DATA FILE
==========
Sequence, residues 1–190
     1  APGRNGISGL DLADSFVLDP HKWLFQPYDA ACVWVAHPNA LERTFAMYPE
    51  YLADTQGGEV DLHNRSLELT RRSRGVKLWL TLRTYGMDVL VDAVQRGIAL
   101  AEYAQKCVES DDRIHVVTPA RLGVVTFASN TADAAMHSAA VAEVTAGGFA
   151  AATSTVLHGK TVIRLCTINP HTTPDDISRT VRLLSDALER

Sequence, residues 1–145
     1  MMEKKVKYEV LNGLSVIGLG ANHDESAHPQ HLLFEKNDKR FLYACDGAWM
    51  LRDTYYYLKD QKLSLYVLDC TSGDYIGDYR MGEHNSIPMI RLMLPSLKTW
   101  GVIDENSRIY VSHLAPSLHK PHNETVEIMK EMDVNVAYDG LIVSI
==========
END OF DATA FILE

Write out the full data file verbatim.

Sequence, residues 1–190
     1  APGRNGISGL DLADSFVLDP HKWLFQPYDA ACVWVAHPNA LERTFAMYPE
    51  YLADTQGGEV DLHNRSLELT RRSRGVKLWL TLRTYGMDVL VDAVQRGIAL
   101  AEYAQKCVES DDRIHVVTPA RLGVVTFASN TADAAMHSAA VAEVTAGGFA
   151  AATSTVLHGK TVIRLCTINP HTTPDDISRT VRLLSDALER

Sequence, residues 1–145
     1  MMEKKVKYEV LNGLSVIGLG ANHDESAHPQ HLLFEKNDKR FLYACDGAWM
    51  LRDTYYYLKD QKLSLYVLDC TSGDYIGDYR MGEHNSIPMI RLMLPSLKTW
   101  GVIDENSRIY VSHLAPSLHK PHNETVEIMK EMDVNVAYDG LIVSI